CRS in Nicaragua
In Nicaragua, national peaceful protests over legislation turned violent, resulting in over a hundred deaths and more than a thousand people wounded since mid-April. The Catholic Church in Nicaragua is playing an instrumental role in peacebuilding and mediation, leading one of the nation’s largest peace marches on April 28. The Church is a mediator in the national dialogue, brokering release for many detained protestors and providing water and medical care to the wounded. Your gift today will help CRS support the Church and our local partner Caritas National with much-needed medicine, medical supplies and transportation for health personnel.
As the largest of the Central American countries, Nicaragua is also one of the most ecologically diverse. Lakes, volcanoes, rainforests and wide agricultural plains provide the setting for amazing biodiversity and tremendous potential in agriculture and natural resources. While Nicaragua’s soils are some of the most fertile in the region, crop yields continue to lag behind neighboring countries. Nicaragua is the second-poorest nation in the Western Hemisphere, with approximately 80% of the population living on less than two dollars a day. But until the recent civil unrest that started in April, it remained the safest country in the region, largely escaping the gang and trafficking violence so prevalentg around the region.
Nicaragua’s social indicators also rank among the lowest in the region, commensurate with its relatively low per capita income level ($1,849 in 2015). The country has historically suffered from frequent earthquakes and hurricanes and is increasingly vulnerable to natural disasters. Hurricane Felix and disastrous rains in 2007, drought in 2009, flooding and landslides in one of the wettest rainy seasons ever in 2010, and severe drought again in 2014, serve as grim reminders of Nicaragua’s increasing exposure to extreme and damaging weather patterns.
CRS Nicaragua manages a large portfolio of agricultural projects serving the country’s poorest and seeking to sustainably increase their food production, incomes, and access to markets. Yield improvements are sought through a focus on improved soil and water management that will also increase the resilience of the producers and their communities in the face of climate change. Agroforestry with cacao and coffee, conservation agriculture with corn, beans and vegetables, and managed forage and trees for cattle are among the crops and systems that CRS promotes in Nicaragua. A small program has also been designed to provide a foundation for sustainable development in the provision of quality water and sanitation services. Interventions include: Supporting communities and local government to improve water and sanitation infrastructure; build local organizational capacity to manage water systems sustainably; and promote improved hygiene and sanitation practices in households and schools.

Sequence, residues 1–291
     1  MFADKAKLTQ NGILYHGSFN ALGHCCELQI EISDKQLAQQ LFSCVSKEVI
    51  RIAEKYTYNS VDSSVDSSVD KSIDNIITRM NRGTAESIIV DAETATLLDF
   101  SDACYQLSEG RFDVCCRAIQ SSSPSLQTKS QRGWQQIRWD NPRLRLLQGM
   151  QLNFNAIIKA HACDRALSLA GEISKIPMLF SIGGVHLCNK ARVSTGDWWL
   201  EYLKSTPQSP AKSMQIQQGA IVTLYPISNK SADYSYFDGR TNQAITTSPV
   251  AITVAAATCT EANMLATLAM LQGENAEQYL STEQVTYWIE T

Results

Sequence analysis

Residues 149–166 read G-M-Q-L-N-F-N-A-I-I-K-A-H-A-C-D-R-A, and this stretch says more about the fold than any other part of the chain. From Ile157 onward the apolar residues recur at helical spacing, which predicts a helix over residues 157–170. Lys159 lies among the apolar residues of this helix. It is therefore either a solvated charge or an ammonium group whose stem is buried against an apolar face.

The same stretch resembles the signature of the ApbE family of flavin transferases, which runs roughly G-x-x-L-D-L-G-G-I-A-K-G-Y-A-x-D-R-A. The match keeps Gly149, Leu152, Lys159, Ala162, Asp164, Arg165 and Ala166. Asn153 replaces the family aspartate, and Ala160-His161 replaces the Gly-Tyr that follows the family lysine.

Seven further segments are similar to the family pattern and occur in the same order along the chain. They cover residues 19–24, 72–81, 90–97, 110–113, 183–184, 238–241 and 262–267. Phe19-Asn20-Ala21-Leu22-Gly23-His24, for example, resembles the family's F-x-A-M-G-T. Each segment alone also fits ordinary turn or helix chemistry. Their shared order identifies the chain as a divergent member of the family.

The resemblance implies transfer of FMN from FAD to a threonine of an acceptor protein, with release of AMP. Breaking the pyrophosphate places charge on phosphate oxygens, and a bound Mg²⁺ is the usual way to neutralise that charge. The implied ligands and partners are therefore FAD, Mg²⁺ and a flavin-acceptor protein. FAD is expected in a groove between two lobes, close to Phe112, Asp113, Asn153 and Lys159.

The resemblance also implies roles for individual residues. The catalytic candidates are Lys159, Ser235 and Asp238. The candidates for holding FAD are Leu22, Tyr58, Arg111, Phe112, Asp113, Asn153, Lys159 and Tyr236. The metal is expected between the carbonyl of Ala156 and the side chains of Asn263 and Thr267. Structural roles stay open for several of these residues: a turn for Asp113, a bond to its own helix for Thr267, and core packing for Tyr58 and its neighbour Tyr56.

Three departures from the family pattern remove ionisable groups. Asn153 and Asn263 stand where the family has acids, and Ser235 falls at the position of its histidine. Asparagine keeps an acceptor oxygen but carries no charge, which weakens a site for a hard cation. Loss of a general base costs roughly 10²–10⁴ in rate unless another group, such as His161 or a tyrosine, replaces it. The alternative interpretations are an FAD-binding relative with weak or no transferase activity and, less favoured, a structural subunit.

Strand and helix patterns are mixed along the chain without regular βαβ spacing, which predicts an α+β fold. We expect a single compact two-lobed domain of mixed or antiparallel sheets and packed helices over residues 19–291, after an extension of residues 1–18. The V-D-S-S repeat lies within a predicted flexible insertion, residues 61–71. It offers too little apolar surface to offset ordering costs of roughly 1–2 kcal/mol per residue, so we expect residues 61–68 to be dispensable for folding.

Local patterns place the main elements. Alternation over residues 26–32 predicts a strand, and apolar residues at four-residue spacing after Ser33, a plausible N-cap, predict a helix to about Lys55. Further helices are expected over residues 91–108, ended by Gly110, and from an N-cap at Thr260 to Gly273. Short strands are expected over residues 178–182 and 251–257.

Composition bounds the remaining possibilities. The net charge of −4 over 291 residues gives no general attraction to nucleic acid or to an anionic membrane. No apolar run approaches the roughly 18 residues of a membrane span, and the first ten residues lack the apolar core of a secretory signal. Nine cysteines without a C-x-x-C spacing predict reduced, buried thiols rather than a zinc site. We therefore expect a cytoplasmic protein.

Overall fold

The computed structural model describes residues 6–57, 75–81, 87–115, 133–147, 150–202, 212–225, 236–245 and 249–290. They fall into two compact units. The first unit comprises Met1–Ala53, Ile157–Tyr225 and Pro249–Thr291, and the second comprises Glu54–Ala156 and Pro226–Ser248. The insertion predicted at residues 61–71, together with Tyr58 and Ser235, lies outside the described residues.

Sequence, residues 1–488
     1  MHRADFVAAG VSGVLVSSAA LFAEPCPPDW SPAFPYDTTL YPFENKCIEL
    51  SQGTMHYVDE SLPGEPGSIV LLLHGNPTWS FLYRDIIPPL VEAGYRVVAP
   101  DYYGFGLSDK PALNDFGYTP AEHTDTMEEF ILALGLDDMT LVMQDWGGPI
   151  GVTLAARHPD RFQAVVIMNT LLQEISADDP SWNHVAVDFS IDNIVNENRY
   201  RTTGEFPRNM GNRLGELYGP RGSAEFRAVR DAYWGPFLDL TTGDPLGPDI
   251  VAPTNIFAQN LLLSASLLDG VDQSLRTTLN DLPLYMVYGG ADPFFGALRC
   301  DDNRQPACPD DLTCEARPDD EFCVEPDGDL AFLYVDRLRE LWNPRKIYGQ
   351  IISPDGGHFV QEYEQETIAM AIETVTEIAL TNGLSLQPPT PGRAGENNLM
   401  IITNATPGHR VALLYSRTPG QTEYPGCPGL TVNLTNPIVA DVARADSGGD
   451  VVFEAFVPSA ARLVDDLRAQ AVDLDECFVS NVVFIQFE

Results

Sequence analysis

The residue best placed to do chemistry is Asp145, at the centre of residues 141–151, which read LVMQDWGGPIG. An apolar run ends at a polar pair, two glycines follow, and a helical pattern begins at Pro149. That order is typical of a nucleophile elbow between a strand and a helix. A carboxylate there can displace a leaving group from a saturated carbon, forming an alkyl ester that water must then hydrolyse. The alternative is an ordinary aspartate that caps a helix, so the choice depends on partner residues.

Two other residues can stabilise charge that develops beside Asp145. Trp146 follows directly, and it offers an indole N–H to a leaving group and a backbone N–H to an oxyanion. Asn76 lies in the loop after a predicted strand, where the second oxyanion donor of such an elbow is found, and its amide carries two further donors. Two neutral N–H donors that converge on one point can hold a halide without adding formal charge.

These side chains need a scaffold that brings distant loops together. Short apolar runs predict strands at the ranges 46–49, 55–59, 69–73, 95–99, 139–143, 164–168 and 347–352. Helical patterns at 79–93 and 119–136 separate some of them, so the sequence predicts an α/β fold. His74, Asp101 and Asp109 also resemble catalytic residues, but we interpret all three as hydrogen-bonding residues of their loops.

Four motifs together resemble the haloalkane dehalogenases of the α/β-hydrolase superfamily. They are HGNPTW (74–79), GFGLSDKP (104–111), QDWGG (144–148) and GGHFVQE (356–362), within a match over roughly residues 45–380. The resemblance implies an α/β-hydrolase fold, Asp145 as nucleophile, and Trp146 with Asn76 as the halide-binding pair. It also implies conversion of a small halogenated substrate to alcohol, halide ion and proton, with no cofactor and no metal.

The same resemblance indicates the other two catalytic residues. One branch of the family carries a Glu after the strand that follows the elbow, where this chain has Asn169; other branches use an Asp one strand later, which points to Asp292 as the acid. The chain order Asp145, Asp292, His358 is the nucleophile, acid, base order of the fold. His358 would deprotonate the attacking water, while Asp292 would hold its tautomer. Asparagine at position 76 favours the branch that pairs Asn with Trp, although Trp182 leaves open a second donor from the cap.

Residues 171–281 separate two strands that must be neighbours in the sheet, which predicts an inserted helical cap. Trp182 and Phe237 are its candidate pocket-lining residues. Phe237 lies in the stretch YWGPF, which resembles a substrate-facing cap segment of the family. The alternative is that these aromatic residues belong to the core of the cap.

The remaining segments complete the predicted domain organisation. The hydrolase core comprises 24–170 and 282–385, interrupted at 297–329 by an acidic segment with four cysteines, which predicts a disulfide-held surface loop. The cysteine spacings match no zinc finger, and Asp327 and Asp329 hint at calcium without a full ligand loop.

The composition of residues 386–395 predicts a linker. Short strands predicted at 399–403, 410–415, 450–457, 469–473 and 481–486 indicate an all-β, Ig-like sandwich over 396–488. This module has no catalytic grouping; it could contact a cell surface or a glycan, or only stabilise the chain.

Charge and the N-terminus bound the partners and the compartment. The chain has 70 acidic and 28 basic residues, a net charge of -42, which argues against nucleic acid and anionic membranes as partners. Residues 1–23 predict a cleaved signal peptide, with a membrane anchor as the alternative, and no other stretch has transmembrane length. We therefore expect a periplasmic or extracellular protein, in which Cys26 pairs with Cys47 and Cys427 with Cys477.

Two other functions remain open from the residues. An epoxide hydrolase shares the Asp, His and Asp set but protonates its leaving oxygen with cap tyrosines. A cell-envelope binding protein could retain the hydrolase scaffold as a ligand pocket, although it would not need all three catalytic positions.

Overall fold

In addition, CRS works to improve communities' ability to manage and reduce risks and to prepare for and mitigate future emergencies. Activities that improve the communities' capacities include vulnerability mapping, evacuation plans, and training in the above-mentioned agricultural practices that build their defenses against extreme weather and mitigate the impacts of shocks such as drought, flooding and epidemics.
Rising crime across Central America has become a significant international concern as it threatens democratic development and slows economic growth. In particular, the spread of gang activity and expansion of cross border networks and illegal activities, particularly drug trafficking, have led to increasingly serious insecurity in Mexico, Guatemala, El Salvador and Honduras. While these problems have not yet affected Nicaragua to the same degree, the country suffers many of the same underlying causes and risk factors, raising concerns that the issues will continue to spread south.